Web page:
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Offseason Analysis

The Rushing QB and How They Impact WRs & TEs in Fantasy

by Zachary Krueger
Updated On: May 31, 2022, 4:37 pm ET

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Last week I took to the spreadsheets in hopes of discovering the impact high-volume rushing quarterbacks have had on their respective running backs.

The results were jarring.

I spent most of Monday crying when the spreadsheets indicated my hopes of J.K. Dobbins as a top-12 back in 2022 were futile. I was devastated to learn Bills rookie James Cook, who the fantasy folks tell me will "catch a lot of passes" in fact may not because Josh Allen has never met a running back he deemed worthy of a target.

While most of my findings left me devastated, I found solace in knowing that all signs pointed to running backs still not mattering.

Upon realizing this, my spirits were renewed. I pressed on in my research on high-volume rushing quarterbacks in hopes of finding out more about their impact -- this time on receivers and tight ends.

You'll be happy to know, I found such information. Which I look forward to sharing below.

Notes: Advanced stats and metrics courtesy of Pro Football Reference, RotoViz and RBSDM.com This article is based on full-PPR scoring.

Pass Catchers and Fantasy Finishes

Before getting too deep into this article, please be sure to check out last week's article where I explain the thresholds used to weed out high-volume rushing quarterbacks. I also touch on their rush rate's over the years and explain how we've seen a drastic increase in this type of quarterback play since 2018.

Nevertheless, here are the high-volume rushing quarterbacks since 2000.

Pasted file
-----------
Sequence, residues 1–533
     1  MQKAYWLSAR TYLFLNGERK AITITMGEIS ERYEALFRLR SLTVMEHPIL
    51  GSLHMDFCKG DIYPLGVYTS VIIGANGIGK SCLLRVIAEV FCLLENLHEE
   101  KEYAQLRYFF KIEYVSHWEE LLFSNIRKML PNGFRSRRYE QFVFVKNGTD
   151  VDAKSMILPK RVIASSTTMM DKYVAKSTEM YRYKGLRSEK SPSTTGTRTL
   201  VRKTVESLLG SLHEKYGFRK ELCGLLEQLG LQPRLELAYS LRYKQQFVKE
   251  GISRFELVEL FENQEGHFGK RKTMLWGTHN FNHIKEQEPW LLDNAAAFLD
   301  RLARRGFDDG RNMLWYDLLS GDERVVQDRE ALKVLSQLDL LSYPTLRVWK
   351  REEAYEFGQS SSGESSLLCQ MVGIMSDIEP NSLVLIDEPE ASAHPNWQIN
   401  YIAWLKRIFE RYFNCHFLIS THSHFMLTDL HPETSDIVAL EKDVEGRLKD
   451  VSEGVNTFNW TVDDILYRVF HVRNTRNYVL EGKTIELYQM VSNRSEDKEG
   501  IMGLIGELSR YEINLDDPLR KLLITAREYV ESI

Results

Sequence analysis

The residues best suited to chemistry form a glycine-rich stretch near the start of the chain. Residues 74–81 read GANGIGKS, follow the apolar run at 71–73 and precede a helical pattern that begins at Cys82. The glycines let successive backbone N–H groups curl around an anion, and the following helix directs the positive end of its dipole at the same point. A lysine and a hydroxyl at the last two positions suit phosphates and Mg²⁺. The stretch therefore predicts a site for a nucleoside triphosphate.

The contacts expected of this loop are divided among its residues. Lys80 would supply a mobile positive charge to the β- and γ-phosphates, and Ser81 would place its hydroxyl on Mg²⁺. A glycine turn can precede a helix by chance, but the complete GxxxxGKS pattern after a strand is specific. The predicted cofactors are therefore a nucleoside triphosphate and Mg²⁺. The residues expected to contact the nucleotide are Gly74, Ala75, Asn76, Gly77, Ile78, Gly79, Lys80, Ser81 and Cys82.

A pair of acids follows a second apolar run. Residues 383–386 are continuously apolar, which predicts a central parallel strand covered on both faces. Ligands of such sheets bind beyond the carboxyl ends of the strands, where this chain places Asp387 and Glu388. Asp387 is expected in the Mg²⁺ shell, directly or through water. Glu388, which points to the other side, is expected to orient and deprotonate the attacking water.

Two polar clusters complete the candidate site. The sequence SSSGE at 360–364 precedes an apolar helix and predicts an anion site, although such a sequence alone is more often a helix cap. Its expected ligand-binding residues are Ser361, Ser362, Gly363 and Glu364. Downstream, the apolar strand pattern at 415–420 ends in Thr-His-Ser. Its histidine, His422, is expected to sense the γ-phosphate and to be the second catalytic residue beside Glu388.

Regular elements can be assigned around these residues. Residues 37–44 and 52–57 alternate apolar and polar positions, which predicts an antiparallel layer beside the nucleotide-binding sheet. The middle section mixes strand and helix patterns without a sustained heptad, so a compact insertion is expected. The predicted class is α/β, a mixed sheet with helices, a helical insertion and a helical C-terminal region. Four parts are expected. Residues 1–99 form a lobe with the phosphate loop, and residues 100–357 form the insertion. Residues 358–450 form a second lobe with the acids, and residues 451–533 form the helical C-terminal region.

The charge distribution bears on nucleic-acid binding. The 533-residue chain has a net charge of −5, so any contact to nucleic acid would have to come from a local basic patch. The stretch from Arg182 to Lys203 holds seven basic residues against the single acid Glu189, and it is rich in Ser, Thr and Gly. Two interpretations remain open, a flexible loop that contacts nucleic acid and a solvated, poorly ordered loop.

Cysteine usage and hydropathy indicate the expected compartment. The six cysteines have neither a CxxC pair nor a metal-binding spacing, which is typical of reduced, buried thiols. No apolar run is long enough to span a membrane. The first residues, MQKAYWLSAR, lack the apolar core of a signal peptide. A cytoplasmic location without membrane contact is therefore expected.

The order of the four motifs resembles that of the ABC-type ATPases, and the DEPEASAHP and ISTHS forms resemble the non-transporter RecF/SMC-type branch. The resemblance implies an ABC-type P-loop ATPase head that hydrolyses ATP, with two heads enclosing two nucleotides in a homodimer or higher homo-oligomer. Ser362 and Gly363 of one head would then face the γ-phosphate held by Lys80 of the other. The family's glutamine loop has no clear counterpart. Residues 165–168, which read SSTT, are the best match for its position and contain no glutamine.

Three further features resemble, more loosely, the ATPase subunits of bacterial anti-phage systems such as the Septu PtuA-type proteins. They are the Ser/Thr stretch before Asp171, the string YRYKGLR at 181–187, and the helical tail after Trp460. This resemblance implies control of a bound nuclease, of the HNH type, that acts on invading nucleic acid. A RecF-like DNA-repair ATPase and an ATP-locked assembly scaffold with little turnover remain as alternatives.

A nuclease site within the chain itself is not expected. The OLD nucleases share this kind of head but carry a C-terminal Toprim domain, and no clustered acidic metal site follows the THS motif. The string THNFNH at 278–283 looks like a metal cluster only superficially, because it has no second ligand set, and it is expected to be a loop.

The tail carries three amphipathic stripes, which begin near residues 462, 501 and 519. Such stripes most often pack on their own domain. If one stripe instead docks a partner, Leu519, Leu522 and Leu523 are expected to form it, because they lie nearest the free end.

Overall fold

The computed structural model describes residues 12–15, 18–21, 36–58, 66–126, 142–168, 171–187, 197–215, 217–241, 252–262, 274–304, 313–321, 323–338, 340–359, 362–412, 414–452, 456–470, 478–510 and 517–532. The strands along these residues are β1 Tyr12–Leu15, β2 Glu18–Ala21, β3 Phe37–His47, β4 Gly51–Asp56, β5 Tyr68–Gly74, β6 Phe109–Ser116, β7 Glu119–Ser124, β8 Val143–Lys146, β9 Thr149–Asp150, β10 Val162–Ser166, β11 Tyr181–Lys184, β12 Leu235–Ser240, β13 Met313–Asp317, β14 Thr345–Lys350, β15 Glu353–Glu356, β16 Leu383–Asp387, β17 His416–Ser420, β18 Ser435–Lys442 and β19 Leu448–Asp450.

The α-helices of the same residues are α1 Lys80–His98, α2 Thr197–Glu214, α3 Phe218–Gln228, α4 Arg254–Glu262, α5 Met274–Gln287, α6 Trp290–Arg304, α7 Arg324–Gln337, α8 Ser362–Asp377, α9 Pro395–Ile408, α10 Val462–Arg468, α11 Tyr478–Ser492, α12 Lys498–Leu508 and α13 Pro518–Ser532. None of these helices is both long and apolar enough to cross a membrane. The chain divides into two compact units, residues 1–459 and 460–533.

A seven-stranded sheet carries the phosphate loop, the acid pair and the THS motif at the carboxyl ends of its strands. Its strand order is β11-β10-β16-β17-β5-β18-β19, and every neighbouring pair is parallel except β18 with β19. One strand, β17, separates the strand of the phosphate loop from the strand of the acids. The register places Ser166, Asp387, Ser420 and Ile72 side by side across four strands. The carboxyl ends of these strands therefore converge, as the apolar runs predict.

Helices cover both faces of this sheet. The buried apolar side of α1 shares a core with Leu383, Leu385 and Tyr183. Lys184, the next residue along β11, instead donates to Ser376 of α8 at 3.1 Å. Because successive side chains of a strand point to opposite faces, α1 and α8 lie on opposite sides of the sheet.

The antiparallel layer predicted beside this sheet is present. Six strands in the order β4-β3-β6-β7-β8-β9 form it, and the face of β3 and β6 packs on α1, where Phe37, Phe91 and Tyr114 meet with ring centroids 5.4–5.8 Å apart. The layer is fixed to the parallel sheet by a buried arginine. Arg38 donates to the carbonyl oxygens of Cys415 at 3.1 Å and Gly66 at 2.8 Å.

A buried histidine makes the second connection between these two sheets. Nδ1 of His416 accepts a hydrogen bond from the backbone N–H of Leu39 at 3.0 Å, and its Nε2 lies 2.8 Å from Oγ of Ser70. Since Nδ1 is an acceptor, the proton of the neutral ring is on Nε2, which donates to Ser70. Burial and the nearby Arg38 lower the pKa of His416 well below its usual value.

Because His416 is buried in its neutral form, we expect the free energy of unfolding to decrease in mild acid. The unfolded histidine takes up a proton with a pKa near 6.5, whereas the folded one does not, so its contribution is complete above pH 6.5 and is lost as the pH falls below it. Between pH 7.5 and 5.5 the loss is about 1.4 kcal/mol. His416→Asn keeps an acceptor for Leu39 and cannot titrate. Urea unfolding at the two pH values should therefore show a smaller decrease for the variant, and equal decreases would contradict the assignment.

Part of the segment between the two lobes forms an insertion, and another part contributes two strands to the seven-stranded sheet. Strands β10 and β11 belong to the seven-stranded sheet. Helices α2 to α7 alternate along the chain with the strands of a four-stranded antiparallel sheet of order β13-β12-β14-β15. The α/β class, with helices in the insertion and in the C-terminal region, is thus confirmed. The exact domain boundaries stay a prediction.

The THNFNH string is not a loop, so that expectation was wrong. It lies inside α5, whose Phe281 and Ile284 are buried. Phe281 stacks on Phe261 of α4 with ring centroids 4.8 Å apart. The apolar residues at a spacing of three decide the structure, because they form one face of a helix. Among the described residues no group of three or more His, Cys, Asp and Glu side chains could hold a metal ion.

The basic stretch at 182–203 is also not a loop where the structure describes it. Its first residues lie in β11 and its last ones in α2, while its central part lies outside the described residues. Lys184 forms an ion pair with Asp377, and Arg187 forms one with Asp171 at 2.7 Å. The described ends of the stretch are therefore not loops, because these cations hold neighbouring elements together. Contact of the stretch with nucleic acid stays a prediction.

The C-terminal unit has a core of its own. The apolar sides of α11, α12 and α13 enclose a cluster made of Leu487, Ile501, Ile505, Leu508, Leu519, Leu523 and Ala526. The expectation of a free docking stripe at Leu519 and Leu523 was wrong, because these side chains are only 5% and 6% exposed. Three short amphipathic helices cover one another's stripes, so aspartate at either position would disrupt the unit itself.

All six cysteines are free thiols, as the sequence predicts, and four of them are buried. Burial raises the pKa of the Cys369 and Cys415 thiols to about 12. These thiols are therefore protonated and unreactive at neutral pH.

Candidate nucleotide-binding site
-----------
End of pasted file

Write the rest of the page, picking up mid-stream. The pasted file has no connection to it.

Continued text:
Player

Team

Season

paATTS/gm

ruATTS/gm

Kordell Stewart

PIT

2001

27.69

6

Daunte Culpepper

MIN

2002

34.5

6.6

Michael Vick

ATL

2002

28.13

7.5

Michael Vick

ATL

2004

21.4

8

Michael Vick

ATL

2005

25.8

6.8

Michael Vick

ATL

2006

24.31

7.6

Vince Young

TEN

2007

25.53

6.2

Michael Vick

PHI

2010

31

8.3

Cam Newton

CAR

2011

32.31

7.9

Cam Newton

CAR

2012

30.31

8

Robert Griffin III

WAS

2012

26.27

8

Cam Newton

CAR

2013

29.56

6.9

Russell Wilson

SEA

2013

25.5

6

Robert Griffin III

WAS

2013

35.08

6.6

Colin Kaepernick

SF

2014

29.88

6.5

Russell Wilson

SEA

2014

28.38

7.4

Cam Newton

CAR

2014

32

7.4

Cam Newton

CAR

2015

31

8.2

Russell Wilson

SEA

2015

30.25

6.4

Tyrod Taylor

BUF

2015

27.14

7.4

Cam Newton

CAR

2016

33.93

6

Tyrod Taylor

BUF

2016

29.13

6.3

Cam Newton

CAR

2017

30.81

8.7

Deshaun Watson

HOU

2018

31.56

6.2

Cam Newton

CAR

2018

33.64

7.2

Josh Allen

BUF

2018

26.67

7.4

Josh Allen

BUF

2019

28.81

6.8

Lamar Jackson

BAL

2019

26.73

11.7

Josh Allen

BUF

2020

35.75

6.4

Kyler Murray

ARI

2020

34.88

8.3

Cam Newton

NE

2020

24.53

9.1

Lamar Jackson

BAL

2020

25.07

10.6

Josh Allen

BUF

2021

39.53

7.2

Jalen Hurts

PHI

2021

30.53

9.3

Kyler Murray

ARI

2021

36.57

6.3

Justin Fields

CHI

2021

25.5

6

Lamar Jackson

BAL

2021

35

11.1

 

One popular strategy in fantasy drafts is stacking a quarterback and his receivers/tight ends in hopes of maximizing points when said players enjoy productive weeks.

If you're applying this strategy to best ball drafts, we can see through RotoViz's best ball tools that teams that stacked Joe Burrow and Ja'Marr Chase in 2021 enjoyed an 18.2% win rate over on Fanball, which uses full-PPR scoring. This is well above the average win rate of 8.3%, indicating that a Burrow/Chase stack made for some very powerful rosters.